Insights: Article

Are the Rewards of Social Media Worth the Risk for Your Financial Institution?

By   Linda Albrecht

August 16, 2016

The world of technology continues to expand and with it, various risks surrounding its use. From Facebook to Yelp, social media can be a powerful tool to connect with customers, but if poorly managed, can lead to damaging risk in your organization.

In December 2013, the Federal Financial Institutions Examination Council (FFIEC) published “Social Media: Consumer Compliance Risk Management Guidance.” This guidance does not impose new regulatory requirements on financial institutions, but it does provide financial institutions with expectations for managing risks associated with using social media. The guidance provides insight on how the use of social media impacts already existing regulations.

Monitoring Risks
A financial institution’s social media risk management program should consist of methods to identify, measure, monitor and control risks associated with its use. The more involved an organization is in social media, the more robust their program should be. Even if an organization chooses not to actively participate in social media spaces, they cannot ignore the possible risks that may arise from others using it to express negative comments or complaints about the organization.

Components of a strong social media risk management program include:

  • A governance structure outlining roles and responsibilities directing how social media will be used to contribute to the organization’s goals
  • Policies and procedures related to the use and monitoring of social media and compliance with other related consumer protection regulations
  • A risk management process for selecting and managing third-party relationships connected with social media
  • An employee training program
  • An oversight process for monitoring information posted to social media sites
  • Audit and compliance functions to ensure compliance with policies and regulations
  • Parameters for reporting to the financial institution’s board of directors on the effectiveness of the social media program

Risk Profile Likely to Change
An organization’s risk profile can take on an entirely new look when engaging in social media—increased compliance, operational, and reputation risk can result. The same requirements outlined in existing regulations apply when delivering products and services through a social media network. Whether you allow customers to open a deposit account or apply for a loan, the same rules followed when conducting these activities through more traditional venues apply when delivering them using social media.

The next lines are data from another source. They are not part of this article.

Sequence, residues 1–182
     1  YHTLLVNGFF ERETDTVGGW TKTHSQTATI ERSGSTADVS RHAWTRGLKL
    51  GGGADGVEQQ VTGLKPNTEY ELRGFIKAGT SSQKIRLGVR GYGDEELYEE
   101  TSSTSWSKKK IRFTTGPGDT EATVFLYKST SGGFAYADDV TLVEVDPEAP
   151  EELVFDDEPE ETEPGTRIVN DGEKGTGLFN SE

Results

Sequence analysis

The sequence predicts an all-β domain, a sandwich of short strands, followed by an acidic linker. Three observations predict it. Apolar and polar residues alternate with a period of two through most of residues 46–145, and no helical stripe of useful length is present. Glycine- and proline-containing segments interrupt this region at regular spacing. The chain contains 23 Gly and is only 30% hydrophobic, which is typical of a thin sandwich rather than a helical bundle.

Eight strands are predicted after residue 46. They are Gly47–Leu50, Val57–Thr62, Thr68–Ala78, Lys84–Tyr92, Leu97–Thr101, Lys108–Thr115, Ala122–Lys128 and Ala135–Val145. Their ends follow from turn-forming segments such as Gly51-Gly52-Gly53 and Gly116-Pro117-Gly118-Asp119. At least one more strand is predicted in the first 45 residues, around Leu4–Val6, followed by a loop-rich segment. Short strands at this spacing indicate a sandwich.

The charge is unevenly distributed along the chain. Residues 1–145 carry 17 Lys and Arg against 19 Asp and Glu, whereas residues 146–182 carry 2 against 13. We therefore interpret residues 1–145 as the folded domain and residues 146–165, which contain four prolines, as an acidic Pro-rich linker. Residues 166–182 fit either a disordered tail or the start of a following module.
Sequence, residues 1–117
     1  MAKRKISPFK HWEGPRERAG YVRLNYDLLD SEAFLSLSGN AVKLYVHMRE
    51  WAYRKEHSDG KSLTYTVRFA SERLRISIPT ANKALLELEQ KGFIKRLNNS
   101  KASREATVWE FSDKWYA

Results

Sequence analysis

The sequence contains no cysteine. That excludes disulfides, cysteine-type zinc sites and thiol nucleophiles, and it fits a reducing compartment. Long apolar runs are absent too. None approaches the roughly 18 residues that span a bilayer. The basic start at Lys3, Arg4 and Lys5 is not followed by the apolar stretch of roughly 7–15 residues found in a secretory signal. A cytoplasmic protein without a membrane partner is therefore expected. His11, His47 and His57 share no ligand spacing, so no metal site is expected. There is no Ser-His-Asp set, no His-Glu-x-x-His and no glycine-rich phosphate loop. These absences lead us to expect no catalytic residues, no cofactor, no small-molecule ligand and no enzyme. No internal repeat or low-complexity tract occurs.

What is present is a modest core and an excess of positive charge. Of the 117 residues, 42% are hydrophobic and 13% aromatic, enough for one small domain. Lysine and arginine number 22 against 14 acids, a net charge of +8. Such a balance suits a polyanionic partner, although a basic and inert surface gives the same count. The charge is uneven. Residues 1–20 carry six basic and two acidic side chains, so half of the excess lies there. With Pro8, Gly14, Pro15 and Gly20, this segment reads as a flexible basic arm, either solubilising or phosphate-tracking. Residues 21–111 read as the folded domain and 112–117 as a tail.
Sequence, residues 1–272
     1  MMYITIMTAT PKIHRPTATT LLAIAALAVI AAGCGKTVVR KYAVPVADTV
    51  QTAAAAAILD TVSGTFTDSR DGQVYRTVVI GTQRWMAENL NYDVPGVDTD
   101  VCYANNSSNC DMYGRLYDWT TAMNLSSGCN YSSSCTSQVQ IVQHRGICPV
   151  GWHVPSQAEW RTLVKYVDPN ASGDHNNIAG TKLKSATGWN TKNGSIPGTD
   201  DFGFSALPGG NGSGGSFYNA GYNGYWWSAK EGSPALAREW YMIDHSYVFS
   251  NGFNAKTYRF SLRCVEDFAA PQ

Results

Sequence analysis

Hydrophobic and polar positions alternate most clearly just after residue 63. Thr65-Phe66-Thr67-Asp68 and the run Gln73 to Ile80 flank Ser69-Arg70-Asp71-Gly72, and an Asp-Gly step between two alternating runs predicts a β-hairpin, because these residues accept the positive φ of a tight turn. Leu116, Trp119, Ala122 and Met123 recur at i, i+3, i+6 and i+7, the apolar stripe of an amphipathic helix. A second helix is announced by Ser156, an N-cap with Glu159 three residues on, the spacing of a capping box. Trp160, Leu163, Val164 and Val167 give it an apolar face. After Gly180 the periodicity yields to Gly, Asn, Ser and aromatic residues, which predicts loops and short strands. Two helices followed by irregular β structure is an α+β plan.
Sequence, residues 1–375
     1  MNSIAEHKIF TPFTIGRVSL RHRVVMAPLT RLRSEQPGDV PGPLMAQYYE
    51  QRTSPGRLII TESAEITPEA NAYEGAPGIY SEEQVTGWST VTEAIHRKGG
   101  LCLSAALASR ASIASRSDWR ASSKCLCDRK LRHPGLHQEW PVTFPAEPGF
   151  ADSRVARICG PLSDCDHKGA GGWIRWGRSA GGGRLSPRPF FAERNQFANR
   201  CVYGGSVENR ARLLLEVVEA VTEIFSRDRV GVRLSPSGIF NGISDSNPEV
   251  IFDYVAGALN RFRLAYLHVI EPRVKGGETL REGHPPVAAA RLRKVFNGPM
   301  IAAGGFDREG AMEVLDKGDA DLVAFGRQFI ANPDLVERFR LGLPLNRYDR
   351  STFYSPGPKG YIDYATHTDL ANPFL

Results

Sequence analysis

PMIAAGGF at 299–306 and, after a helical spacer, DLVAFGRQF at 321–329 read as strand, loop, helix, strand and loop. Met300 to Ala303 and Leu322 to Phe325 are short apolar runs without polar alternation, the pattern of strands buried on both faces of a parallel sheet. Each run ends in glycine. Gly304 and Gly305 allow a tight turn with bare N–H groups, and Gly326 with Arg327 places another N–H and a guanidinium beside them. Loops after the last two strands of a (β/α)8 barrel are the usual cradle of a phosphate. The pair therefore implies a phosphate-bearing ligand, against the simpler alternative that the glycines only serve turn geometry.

Some regulations to consider when offering deposit and loan products through social media include:

  • Truth in Savings Act/Regulation DD – If promoting products using triggering terms such as an Annual Percentage Yield (APY) or a bonus, the required additional disclosures must also be included in a way that does not mislead or misrepresent the actual features of the product.
  • Equal Credit Opportunity Act/Regulation B – Use care in promoting loan products so as not to discourage anyone from applying based on a prohibited basis. Be prepared to act upon applications received through social media networks within required timeframes.
  • Truth in Lending/Regulation Z – When promoting loan products, ensure required disclosures are provided if terms triggering additional disclosures have been used.
  • Real Estate Settlement Procedures Act (RESPA) – Be mindful of any arrangements that could result in violations of Section 8 of RESPA, particularly referral arrangements or arrangements with settlement service providers. Respond to loan applications received through social media within required timeframes.
  • Fair Debt Collections Practices Act – Use of social media to contact consumers (or their families and friends) with past due loans may be in violation of the act.
  • Unfair or Deceptive Acts or Practices (UDAP) – Ensure any information communicated using a social network is accurate and free of content that could be misleading.
  • Deposit Insurance – Carefully use FDIC insurance logos when promoting insured products; and likewise, do not include it when promoting products that are not FDIC insured.

As you embark on this journey through the unlimited boundaries of social media, think carefully about how its use aligns with your organization’s strategic goals and what you intend to accomplish through its use. Carefully evaluate the impact this journey could have on your organization’s compliance, reputational, and operational risks and whether the benefits outweigh the added risk. Properly managed, the world of social media can provide endless opportunities and expand your outreach beyond what could be realized through more traditional channels.

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